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Old 27th Jul 2011, 21:17   #9
kjml
Junior Palimpsestarian
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Join Date: 27 Apr 2011
Location: Inside my skin (Help!)
Posts: 144
Default Re: Annoying Americanisms? A rebuttal

Hi Ono, (or should I say "Hallo" instead?)
Your defense of the speech habits and mannerisms of your benighted brethren in the colonies is well appreciated. I had a whale of a time reading it! Thanks for that, too. You have a gift for puncturing the hyperbolic balloon of snark with wit which is as charming as it is sharp.

That said, I think #47 is worth another look: "to medal" is just one of (It seems to me) an increasing number of coinages of verbs from nouns for which there are already in the language perfectly adequate, and less deliberately odd, expressions (e.g. 'win a medal'). That is, they seem forced into being for emphasis, or just to be different. Sometimes these coinages, as you note above, are the products of business types who enjoy industry jargon, and sometimes it may be media spokesmen who ad lib, sometimes hilariously; but sometimes, I think, there is more behind it.

My favorite example is "reveal", used as a noun. What is wrong with "revelation"? My gut sense is that someone - likely in the writing programs, which now abound - decided that "revelation" carried too much of a religious/spiritual overtone to be generally useful, and opted for "reveal" as a neutral substitute. This may or may not be the history, but I think the tendency to alter words or adapt verbs to nouns for this kind of idiosyncratic accent is becoming quite common.(Maybe its a philosophical development: To each express our own individual 'truth' we need our own peculiar and idiosyncratic English!)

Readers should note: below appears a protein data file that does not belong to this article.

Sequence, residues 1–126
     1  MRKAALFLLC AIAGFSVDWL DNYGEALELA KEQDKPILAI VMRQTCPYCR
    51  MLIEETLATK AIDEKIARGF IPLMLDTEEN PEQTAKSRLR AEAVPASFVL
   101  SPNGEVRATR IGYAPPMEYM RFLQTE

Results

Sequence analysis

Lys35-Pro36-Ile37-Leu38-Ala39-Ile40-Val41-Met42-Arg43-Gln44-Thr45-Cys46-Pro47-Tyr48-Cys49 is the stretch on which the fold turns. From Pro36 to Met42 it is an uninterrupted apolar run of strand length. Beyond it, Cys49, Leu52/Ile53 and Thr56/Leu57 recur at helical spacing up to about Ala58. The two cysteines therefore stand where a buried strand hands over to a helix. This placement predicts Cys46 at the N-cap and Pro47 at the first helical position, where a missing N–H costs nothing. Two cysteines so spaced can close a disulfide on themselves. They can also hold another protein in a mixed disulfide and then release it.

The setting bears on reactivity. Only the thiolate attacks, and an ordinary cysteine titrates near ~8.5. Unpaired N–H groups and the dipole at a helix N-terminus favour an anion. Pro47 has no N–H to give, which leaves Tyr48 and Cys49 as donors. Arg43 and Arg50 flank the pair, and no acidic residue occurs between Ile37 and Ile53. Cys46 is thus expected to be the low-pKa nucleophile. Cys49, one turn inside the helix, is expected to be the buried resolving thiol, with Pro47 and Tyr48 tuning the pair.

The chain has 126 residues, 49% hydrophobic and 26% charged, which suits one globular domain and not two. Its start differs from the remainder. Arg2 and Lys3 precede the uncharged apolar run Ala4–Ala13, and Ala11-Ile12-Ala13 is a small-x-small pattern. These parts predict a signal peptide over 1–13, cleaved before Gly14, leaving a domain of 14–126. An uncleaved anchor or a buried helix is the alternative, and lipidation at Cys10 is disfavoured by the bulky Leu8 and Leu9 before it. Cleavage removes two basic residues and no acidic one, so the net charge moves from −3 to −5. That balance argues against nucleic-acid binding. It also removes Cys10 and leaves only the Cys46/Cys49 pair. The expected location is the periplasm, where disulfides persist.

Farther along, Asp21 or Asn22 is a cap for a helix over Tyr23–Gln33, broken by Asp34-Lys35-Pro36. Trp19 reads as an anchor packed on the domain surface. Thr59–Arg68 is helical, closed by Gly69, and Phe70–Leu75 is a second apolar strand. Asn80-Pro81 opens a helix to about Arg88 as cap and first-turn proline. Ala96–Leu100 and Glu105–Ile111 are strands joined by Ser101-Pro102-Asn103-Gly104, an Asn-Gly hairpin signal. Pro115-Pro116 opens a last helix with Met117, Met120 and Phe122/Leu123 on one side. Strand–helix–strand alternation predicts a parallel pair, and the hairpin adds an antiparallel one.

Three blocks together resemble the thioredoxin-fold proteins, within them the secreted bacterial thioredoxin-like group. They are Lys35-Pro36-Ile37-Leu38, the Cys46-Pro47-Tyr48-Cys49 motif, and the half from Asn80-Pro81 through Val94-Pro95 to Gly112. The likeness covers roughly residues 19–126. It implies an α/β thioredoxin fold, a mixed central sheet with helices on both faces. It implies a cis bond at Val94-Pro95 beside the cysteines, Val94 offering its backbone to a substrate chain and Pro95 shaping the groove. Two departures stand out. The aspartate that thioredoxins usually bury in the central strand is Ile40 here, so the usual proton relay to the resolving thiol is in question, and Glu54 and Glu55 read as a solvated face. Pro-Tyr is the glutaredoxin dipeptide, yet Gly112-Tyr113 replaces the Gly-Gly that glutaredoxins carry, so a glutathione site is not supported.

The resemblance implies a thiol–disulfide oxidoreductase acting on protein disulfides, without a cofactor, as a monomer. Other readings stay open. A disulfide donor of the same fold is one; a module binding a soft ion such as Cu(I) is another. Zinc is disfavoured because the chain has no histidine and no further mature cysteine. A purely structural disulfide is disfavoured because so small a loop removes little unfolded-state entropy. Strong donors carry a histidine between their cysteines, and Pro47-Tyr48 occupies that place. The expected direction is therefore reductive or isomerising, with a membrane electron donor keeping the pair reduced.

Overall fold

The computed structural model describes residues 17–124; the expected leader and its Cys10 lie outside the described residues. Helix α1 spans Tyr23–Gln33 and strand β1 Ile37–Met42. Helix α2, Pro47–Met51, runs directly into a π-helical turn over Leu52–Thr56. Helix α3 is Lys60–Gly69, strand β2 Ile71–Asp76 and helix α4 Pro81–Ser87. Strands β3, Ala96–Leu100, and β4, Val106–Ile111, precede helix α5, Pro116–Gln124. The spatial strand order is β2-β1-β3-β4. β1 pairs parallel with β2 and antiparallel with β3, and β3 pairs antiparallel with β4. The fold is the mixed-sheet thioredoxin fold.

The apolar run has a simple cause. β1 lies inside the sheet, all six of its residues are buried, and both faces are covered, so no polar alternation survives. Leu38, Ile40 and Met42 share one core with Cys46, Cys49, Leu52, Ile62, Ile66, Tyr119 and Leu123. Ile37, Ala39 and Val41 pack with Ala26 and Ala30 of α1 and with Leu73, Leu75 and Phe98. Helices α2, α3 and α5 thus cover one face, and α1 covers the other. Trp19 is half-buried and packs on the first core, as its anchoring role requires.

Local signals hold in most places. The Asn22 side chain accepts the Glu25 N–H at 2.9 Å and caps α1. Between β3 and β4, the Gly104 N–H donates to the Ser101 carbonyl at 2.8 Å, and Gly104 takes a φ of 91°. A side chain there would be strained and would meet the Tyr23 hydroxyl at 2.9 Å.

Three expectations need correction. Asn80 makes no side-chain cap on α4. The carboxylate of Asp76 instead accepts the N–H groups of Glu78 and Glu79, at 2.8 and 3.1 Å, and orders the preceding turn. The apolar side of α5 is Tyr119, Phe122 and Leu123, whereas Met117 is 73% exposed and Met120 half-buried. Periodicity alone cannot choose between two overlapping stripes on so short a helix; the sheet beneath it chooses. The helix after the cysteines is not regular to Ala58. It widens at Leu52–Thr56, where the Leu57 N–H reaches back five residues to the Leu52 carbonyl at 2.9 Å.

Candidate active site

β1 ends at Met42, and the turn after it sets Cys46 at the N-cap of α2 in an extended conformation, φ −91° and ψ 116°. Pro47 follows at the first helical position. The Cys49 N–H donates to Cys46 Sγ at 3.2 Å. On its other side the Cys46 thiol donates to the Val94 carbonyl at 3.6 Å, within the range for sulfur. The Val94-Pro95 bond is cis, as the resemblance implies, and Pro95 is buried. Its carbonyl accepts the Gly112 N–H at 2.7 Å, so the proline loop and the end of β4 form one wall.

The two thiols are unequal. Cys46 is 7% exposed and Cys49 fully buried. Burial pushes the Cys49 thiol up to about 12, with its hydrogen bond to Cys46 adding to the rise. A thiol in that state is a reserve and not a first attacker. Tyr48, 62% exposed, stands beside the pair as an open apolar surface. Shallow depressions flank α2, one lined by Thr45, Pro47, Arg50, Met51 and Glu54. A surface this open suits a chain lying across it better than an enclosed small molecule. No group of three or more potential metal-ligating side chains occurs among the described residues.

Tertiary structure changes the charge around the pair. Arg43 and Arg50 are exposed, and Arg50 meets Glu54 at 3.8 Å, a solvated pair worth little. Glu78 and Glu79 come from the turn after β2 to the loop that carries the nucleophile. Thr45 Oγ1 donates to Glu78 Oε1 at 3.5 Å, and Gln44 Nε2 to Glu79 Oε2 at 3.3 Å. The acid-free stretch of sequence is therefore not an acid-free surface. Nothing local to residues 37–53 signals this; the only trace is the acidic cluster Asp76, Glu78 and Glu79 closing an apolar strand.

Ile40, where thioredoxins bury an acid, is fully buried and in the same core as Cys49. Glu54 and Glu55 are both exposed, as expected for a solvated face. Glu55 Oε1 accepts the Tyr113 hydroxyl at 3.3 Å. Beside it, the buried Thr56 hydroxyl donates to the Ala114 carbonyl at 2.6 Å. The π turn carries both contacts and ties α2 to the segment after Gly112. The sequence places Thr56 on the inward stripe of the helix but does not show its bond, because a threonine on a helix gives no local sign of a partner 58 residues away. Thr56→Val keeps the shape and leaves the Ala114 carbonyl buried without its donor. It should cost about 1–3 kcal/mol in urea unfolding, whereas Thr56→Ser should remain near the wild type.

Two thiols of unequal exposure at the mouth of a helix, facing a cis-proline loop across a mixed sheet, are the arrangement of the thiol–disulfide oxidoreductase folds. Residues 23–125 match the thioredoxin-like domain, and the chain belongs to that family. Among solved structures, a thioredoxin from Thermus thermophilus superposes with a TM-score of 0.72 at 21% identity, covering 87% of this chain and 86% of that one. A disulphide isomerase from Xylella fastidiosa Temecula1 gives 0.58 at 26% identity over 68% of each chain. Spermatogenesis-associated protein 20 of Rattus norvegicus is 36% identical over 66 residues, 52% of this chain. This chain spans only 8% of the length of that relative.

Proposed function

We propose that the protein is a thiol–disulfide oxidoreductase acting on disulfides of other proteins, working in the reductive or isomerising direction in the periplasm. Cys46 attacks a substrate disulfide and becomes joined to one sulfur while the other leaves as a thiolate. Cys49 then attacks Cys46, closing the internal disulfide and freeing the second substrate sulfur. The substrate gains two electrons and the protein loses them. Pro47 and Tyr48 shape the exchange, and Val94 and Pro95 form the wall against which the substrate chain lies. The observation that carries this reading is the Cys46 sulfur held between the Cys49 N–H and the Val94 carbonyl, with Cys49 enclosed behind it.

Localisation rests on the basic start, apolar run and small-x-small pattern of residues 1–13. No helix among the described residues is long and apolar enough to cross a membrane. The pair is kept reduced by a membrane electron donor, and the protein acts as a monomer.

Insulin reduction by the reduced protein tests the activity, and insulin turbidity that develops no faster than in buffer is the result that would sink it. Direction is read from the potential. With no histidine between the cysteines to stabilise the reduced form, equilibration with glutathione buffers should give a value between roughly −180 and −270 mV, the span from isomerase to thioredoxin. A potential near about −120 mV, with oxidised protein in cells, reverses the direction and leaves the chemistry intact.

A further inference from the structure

What part laziness or lack of proper grammatical education plays is still to be determined, but this much seems clear to me at least: people - whether American (only) or any other (as well) I don't know - are taking greater liberties with verb-noun derivations than they did previously. I am not saying that the phenomenon is new('To winter in the South is already old news.): but that it seems to me to be more pervasive than ever. It marks a subtle but, I think, intentional change in vernacular, the reason for which is a complete mystery to me.

I hope this has not taken us too far afield from your rebuttal. I thought someone with your obvious insight might shed some light on this, if you think it a real phenomenon and one that interests you. It may be a true Americanism!
Thanks again for the great fun and sharp insights, and best regards
kjml
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